Reviews

DAVE GRUSIN: 'The Friends Of Eddie Coyle' (We Want Sounds)

Wednesday, 02 May 2018 11:59 Charles Waring E-mailPrintPDF

                             altDave Grusin's name is synonymous with smooth jazz, a polite, sometimes anodyne and anaemic kind of jazz-fusion that his label GRP helped to establish in the 1980s and '90s.  But as this stupendous soundtrack album shows, Grusin could make tough and edgy music if he wanted to. Never officially made available to the public until it was issued on CD a few years ago, Grusin's highly-sought-after score to 'The Friends Of Eddie Coyle' - an uncompromising crime thriller starring Robert Mitchum based on George V. Higgins' book - is now available on vinyl for the very first time and presented in a gatefold sleeve adorned with an eye-catching Oliver Barrett movie poster design.  

For those listeners who appreciate jazzy, funk-infused soundtrack albums from the late-'60s and early-'70s by the likes of Quincy Jones and Lalo Schifrin, then 'The Friends Of Eddie Coyle' will make a strong impression.  Interestingly, the original 1973 movie was the work of Peter Yates, the British director behind the 1968 Steve McQueen movie, Bullitt, which yielded  a memorable score - arguably the first of its kind - from Lalo Schifrin.  The atmospheric percussion on Grusin's soundtrack (especially prominent on the tracks, 'Guns To Artie/Artie Examines Guns' and 'Partridge Robbery/Take A Walk') shows unequivocally that the Colorado-born pianist/composer was acutely aware of Schifrin's groundbreaking soundtrack work.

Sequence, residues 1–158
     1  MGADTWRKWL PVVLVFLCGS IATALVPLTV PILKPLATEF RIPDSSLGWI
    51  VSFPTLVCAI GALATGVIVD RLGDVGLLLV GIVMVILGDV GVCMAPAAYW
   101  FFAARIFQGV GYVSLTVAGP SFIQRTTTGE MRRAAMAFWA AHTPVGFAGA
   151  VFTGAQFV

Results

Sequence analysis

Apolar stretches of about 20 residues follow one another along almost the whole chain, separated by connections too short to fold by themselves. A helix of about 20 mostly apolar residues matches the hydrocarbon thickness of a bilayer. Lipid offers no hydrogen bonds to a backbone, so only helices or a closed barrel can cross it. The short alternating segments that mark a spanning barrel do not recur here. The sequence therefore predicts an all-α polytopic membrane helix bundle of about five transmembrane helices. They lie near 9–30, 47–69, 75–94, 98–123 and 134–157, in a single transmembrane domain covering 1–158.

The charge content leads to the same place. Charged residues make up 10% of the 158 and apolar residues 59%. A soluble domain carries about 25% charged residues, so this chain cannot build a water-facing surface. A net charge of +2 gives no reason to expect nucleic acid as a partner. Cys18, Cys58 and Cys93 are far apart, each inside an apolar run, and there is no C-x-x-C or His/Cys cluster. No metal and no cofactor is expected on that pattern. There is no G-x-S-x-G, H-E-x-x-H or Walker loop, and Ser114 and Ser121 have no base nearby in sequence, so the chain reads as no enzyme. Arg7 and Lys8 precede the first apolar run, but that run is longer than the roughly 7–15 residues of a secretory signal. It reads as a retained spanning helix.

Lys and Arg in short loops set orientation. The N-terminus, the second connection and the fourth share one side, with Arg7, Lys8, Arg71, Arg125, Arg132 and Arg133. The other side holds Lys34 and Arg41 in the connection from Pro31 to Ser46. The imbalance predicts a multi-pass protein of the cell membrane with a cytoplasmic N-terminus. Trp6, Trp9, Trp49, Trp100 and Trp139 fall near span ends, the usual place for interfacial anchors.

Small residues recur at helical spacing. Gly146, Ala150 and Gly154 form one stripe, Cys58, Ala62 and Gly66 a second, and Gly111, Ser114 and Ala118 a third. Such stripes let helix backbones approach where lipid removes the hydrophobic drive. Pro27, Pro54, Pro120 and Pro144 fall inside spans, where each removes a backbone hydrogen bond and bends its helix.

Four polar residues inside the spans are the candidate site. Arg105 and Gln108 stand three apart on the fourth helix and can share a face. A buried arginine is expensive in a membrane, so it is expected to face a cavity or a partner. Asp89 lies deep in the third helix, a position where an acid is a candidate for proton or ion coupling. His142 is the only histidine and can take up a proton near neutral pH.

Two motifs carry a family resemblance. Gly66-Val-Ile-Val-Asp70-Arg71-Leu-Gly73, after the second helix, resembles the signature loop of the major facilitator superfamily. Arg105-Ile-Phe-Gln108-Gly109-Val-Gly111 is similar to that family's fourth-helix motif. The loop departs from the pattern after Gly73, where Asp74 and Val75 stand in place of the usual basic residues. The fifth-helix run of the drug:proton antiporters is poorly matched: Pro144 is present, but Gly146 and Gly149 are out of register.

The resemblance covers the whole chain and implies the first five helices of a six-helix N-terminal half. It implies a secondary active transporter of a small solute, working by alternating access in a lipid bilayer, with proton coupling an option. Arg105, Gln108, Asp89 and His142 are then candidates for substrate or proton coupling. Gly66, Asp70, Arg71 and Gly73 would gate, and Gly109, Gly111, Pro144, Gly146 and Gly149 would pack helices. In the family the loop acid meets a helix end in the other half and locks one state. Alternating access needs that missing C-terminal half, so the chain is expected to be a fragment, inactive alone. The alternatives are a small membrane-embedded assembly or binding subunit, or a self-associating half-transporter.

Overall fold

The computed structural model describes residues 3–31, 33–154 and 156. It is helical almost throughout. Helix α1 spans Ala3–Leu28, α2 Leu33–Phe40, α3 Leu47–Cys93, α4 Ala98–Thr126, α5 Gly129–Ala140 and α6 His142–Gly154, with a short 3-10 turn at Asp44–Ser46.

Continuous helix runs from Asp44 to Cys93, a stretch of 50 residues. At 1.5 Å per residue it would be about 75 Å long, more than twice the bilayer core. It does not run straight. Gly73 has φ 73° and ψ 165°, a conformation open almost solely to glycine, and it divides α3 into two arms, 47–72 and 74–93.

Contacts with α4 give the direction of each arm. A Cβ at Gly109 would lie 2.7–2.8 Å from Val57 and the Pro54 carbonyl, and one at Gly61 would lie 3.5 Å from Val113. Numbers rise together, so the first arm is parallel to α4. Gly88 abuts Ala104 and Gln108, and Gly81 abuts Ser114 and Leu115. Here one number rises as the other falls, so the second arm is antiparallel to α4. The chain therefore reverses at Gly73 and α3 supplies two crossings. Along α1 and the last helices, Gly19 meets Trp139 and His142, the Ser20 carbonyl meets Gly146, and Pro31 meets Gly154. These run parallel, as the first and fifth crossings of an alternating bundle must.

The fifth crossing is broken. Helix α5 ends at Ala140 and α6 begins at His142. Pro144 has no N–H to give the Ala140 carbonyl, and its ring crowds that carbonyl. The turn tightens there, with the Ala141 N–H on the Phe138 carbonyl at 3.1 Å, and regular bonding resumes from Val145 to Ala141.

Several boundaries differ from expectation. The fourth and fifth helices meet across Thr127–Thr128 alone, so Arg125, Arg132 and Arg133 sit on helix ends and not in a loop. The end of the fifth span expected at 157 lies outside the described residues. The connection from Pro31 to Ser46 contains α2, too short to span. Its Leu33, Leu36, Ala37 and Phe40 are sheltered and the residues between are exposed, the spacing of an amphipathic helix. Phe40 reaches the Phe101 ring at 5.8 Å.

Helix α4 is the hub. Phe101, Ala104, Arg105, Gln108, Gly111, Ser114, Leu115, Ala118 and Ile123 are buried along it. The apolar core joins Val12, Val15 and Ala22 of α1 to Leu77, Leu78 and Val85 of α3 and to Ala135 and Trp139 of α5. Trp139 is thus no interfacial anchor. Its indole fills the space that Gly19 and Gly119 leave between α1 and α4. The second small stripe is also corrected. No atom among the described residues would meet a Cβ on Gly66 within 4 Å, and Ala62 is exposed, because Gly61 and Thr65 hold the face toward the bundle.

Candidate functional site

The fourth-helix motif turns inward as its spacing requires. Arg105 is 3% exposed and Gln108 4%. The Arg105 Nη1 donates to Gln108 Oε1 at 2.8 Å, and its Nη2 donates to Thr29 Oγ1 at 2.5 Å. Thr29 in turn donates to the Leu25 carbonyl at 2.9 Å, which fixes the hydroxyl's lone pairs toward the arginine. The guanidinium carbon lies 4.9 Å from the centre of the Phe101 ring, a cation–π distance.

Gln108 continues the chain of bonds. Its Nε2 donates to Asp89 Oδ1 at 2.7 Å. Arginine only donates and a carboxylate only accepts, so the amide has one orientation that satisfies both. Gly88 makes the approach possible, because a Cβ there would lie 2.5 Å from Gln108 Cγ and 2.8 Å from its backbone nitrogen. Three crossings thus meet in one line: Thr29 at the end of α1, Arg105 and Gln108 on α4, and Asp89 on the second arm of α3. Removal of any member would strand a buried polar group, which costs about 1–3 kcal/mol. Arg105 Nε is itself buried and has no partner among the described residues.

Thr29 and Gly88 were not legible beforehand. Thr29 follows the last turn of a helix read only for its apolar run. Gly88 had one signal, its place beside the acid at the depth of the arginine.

But aside from tense, atmosphere-building action cues, Grusin serves up a fabulous main theme, which after a dreamy beginning of chimes, mellow Rhodes chords and resonant flutes, evolves into chunk of  strutting street funk garnished with sweet strings.  The funk gets deeper on the driving 'Clean Cut' and 'Mr Connection,' and as a bonus track, an alternate version of the latter tune is included. Grusin's music has been completely remastered and the package is completed by liner notes from writer, David Toop. Though not as well-known, perhaps, as Grusin's ace 1975 score to the Robert Redford-Faye Dunaway conspiracy thriller, Three Days Of The Condor, it proves to be an equally enthralling listen. Essential listening for soundtrack buffs.